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INTRODUCTON TO HEALTHCARE FINANCE

  • 2. OUTLINE Module 1 •The key financial statements Module 2 •Assessing Financial Performance Module 3 •Ratio analysis of financial statements Module 4 •Profitability Ratios. Module 5 •Performance Ratios Module 6 •Investment Ratios Module 7 •HEALTHCARE FINANCE Module 8 •Additional Financial Terminologies
  • 3. Module 1 The key financial statements
  • 4. Key Questions What does your company own, and what does it owe to others? What are its sources of revenue? How has it spent its money? How much profit has it made? What is the state of its financial health?
  • 5. Key Answers • the Balance Sheet, • the Income Statement, and • the Cash Flow You can answer those questions by turning to the three mainfinancial statements: • Executives use them to assess performance and identify areas for action. • Shareholders look at them to keep tabs on how well their capital is being managed. • Outside investors use them to identify opportunities. • Lenders and suppliers routinely examine them to determine the creditworthiness of the companies with which they deal. These are the essential documents of business.
  • 6. Every manager, no matter where he or she sits in the organization, should have a solid grasp of the basic statements
  • 7. The Balance Sheet • what the company owns (its assets). • what it owes (its liabilities). • and its book value, or net worth (also called owners’ equity, or shareholders’ equity). The Balance Sheet shows:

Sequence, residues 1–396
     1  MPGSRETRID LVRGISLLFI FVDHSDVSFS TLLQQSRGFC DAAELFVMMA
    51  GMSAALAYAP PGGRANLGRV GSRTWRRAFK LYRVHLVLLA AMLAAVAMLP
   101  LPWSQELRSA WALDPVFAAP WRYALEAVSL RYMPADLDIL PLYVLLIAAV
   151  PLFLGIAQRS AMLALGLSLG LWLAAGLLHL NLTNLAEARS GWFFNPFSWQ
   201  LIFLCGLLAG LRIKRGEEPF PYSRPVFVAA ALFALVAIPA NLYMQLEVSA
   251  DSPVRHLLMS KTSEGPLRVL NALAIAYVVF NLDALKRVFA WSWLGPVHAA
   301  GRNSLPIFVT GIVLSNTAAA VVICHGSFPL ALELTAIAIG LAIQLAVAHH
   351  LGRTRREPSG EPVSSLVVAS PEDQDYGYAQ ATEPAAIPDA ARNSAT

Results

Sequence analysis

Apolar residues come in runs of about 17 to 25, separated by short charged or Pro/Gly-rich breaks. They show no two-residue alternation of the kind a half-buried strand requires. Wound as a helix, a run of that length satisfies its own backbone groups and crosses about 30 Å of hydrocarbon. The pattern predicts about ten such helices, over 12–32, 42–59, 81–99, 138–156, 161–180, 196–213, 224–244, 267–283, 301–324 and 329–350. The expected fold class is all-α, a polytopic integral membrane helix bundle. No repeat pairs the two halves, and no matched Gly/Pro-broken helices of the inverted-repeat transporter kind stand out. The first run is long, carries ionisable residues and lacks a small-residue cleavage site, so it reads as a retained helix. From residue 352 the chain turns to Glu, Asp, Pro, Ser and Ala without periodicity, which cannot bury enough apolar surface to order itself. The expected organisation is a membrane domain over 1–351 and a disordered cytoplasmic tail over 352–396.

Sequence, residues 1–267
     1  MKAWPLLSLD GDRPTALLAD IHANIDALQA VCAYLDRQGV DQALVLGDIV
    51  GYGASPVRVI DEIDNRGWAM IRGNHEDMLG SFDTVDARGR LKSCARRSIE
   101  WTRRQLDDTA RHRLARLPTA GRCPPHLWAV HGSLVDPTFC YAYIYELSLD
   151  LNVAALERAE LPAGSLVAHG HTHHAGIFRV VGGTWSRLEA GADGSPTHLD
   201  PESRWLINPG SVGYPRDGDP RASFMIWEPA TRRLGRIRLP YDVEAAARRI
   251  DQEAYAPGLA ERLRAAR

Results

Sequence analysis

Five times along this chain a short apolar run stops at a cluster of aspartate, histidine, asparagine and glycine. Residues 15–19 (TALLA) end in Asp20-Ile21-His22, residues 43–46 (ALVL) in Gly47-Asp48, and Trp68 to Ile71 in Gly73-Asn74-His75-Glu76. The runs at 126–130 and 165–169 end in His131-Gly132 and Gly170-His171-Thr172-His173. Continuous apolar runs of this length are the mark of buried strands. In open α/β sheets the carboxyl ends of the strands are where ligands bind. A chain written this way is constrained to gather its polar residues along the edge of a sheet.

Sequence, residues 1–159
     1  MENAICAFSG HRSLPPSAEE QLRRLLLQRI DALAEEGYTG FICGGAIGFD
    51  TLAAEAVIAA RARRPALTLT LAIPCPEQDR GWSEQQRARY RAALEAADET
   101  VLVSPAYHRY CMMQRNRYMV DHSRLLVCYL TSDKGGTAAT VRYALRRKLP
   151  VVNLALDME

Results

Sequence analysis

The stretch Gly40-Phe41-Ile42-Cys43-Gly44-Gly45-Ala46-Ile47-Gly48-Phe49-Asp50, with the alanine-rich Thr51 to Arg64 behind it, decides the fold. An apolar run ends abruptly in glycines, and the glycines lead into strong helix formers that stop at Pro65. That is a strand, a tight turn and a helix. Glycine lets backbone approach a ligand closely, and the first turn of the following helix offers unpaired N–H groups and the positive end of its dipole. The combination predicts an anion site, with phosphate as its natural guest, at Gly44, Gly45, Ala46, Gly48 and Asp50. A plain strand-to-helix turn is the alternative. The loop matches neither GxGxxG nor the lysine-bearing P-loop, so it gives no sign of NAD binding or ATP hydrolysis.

• 8. Assets Assets comprise all the physical resources a company can put to work in the service of the business. This category includes Tangible and Intangible Assets
  • 9. Tangible Assets • Cash, cash equivalent and banks • Financial Instruments (stocks and bonds) • Accounts receivables • Bad debt provisions • Inventory & Stock (Raw materials, Work in process, Finished Goods) • Prepaid expenses Current Assets
  • 10. Tangible Assets • Properties (Lands, Buildings, etc . . . ) • Furnitures (Factory, offices, warehouse) • Equipment's (Factory, offices, warehouse) • Machineries and Robots • Vehicles • Others Fixed Assets • Fixed Deposits (Long term, Margins, Cash collateral) • Long term investments Other Assets
  • 12.
  • 13. Liabilities Liabilities are debts to banks, suppliers and other creditors. Current Liabilities • Accrued payroll • Loans and notes payable to banks • Current portion of long term debt • Income taxes payable • Accounts payable • Other accrued liabilities
  • 14. Liabilities Long Term Liabilities Lease contracts Long term debts Corporate bonds Loan from shareholders Always less current portion of long-term debt
  • 15. Equity Owners’ equity is what’s left after you subtract total liabilities from total assets. Equity Capital Stock Contributed Capital Retained earnings
  • 17. Balance Sheet Philosophy Assets – Liabilities = Owners’ Equity Assets = Liabilities + Owners’ Equity The balance sheet shows assets on one side of the ledger, liabilities and owners’ equity on the other. It’s called a balance sheet because the two sides must always balance. S Assets = S(Liabilities + Equity).
  • 18. What should the Balance Sheet reflect Working Capital = Current Assets – Current Liabilities Financial Leverage = Total Debts / Stock Capital in %
  • 19. The Income Statement The income statement shows cumulative business results within a defined time frame, such as a quarter or a year. It tells you whether the company is making a profit or a loss— that is, whether it has positive or negative net income (net earnings)—and how much. This is why the income statement is often referred to as the profit-and-loss statement, or P&L. The income statement also tells you the company’s revenues and expenses during the time period it covers.